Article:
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THE SENTINEL OF THE AFRICAN-AMERICAN COMMUNITY AT N.C. STATE UNIVERSITY

NUBIAN MESSAGE RALEIGH, N.C. n VOL. XI, ISSUE 1 n THENUBIANMESSAGE.COM n AUG 8th, 2012

Symposium Edition

Fact or Fiction: The Truth About Black Students Attending White Universities Common misconceptions about black students attending white colleges and universities revealed. Chelsea Gardner |Managing Editor Kierra Leggett| Editor-in-Chief

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orth Carolina State University is home to 34,767 students. One out of eight of those students is black. Like others, black students enthusiastically join the Wolfpack family, ready to embark on the next chapter of their lives. They do so, not only having to cope with being away from home and all that they are accustomed to, but also with doubts about their decision to attend a Predominantly White Institution (PWI) instead of a Historically Black College or University (HBCU). These doubts are often based on the questioning and sometimes accusatory statements of others. The validity of these statements is to be debated.

Fact or Fiction: Admissions Offices are Seeking to Meet Racial Quotas. The age-old phrase is, “You only got in because you’re African American.” Almost every minority student attending a PWI has heard, or will hear, this statement. Not only does this statement minimize a students achievements and merit due to their race, but also it is false. The truth is there are no quotas. If a student was accepted to N.C. State or any other PWI, it was because they deserved to be.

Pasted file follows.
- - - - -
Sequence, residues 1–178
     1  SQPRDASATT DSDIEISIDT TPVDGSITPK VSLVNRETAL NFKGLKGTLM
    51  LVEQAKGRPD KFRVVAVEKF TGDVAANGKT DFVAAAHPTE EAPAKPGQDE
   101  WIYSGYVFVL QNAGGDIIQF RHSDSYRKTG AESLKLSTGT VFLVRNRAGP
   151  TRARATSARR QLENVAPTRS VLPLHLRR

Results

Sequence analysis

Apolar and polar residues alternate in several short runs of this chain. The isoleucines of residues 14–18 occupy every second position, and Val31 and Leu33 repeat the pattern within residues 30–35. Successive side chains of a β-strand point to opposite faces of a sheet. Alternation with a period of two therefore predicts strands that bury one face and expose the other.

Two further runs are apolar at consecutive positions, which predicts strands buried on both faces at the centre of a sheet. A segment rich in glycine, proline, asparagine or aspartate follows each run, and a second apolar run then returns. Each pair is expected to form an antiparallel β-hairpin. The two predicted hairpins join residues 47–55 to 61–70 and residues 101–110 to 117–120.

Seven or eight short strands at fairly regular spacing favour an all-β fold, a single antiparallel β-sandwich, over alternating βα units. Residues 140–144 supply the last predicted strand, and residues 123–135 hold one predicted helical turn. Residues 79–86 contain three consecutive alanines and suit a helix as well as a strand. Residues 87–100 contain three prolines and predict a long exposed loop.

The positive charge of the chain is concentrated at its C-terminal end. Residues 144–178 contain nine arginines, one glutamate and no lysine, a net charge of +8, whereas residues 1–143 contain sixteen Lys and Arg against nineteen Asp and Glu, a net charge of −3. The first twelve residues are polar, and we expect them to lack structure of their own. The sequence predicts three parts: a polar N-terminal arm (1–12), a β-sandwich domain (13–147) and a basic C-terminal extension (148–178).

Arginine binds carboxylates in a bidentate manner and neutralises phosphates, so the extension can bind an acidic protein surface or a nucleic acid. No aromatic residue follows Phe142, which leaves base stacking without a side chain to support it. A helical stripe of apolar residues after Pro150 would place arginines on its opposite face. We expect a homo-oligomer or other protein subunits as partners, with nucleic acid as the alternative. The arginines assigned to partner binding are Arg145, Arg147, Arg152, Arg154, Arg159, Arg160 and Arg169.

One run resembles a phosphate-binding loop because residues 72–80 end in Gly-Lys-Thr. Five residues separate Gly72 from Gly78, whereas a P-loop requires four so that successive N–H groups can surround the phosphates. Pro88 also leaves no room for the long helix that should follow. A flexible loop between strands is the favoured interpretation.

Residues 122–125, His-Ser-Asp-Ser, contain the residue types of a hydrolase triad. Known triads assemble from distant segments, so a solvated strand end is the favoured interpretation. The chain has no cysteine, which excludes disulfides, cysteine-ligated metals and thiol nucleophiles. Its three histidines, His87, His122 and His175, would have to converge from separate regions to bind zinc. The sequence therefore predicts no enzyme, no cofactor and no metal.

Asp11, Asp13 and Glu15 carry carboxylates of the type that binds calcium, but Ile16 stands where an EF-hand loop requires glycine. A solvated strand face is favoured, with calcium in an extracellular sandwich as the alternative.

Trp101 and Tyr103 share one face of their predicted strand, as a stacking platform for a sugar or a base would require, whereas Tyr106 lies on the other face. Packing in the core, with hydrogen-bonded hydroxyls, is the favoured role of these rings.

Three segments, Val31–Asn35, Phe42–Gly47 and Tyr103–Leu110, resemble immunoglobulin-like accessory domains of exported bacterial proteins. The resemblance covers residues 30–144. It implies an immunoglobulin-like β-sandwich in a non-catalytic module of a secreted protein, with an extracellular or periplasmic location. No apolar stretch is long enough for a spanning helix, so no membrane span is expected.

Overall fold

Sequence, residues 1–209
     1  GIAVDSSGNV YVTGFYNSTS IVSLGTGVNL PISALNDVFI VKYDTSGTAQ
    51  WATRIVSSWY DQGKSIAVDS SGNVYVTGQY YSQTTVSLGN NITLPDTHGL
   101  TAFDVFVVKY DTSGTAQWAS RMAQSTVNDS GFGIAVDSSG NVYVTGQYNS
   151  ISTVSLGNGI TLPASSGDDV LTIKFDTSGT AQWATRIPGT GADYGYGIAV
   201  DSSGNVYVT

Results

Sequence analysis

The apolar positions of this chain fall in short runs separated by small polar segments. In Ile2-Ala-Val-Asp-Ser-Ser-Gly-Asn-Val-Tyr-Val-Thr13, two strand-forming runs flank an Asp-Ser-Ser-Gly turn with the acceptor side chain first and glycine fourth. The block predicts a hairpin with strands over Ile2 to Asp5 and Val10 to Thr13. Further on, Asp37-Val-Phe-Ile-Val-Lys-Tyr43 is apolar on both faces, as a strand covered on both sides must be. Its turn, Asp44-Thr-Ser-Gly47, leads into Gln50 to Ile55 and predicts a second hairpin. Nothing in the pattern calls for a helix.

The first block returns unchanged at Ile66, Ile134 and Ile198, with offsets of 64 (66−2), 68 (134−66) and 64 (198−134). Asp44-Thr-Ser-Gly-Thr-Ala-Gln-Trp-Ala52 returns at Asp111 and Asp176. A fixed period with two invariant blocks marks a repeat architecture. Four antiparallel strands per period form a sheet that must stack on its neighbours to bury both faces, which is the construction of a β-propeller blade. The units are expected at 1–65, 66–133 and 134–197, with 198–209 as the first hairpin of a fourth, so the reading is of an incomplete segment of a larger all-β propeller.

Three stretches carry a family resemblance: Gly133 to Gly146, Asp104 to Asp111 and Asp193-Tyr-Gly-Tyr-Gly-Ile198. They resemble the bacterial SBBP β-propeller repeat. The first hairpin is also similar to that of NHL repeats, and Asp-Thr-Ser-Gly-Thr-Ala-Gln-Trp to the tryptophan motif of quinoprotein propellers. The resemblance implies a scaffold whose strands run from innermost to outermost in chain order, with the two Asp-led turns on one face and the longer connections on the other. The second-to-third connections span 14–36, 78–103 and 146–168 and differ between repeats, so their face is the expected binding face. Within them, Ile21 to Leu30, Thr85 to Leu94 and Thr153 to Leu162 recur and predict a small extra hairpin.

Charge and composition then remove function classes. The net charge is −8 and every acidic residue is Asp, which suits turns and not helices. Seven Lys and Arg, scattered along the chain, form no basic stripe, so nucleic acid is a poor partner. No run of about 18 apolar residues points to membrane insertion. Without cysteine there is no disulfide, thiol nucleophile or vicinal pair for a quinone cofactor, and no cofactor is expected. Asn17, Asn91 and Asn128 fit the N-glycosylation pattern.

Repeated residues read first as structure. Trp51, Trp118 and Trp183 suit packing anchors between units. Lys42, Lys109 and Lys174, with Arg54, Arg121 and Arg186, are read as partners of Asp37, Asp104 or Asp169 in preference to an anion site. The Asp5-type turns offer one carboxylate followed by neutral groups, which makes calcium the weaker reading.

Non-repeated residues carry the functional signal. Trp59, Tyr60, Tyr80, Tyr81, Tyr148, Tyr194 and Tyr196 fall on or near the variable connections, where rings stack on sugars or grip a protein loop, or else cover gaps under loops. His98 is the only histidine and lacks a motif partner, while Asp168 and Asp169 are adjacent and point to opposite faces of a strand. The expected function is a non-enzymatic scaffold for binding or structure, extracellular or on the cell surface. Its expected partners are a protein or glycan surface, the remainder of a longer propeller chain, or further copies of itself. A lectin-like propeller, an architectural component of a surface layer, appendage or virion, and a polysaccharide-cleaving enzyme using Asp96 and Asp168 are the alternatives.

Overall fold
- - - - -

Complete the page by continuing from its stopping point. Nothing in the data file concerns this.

Fact or Fiction: Black students that attend PWIs think they are “too good” to go to a HBCU. Many people assume that students attending PWIs come from privileged backgrounds and are at the top of their class. For these reasons, they also assume that PWI students are haughty and have an heir of superiority about them. In reality, students attending PWIs come from various economical, cultural, and academic

Students pose for a picture with Mr. and Mrs. Wuf Melvin Moore/Nubian Message

backgrounds, as do students attending HBCUs, and even if a student is at the top of his or her classes and comes from a privileged household, this is does not warrant him or her being accused of “thinking they’re too good to attend a HBCU.”

Fact or Fiction: PWIs are not as fun for minority students. Often times this assumption is based off of the differences in homecoming celebrations at HBCUs and PWIs. While there are some significant differences in the homecomin celebration at N.C. State and North Carolina Agriculture and Technical State University (NC A&T), the N.C. States’s Black Alumni Association maintains a strong presence in order to put together events for black students during homecoming, and of course, Pan Afrikan Festival in the spring. Homecoming celebrations aside, ultimately it is up to the student to make the fun!

essential to being successful in higher education. While students on HBCU campuses may be more prone to network because the majority of the people on campus look similar to them, students at PWIs can become just as comfortable doing the same. Also, PWIs have a variety of programs and events to help minority students transition into college and meet the right people. For example, the Office of Multicultural Student Affairs at N.C. State does an excellent job of allowing students to form close relationships and grow academically through symposium, mentorships, and various other events and programs. The HBCU experience is definitely different from the PWI experience. However, by choosing a PWI such as N.C. State, students ensure that they will have a dynamic and diverse college experience.

Fact or Fiction: Students do not form close relationships with peers and professors.

Follow us on Twitter:

Again, this is not true. Networking is

@Nubianmessage


PAGE 2 |AUGUST 8, 2012

NUBIAN MESSAGE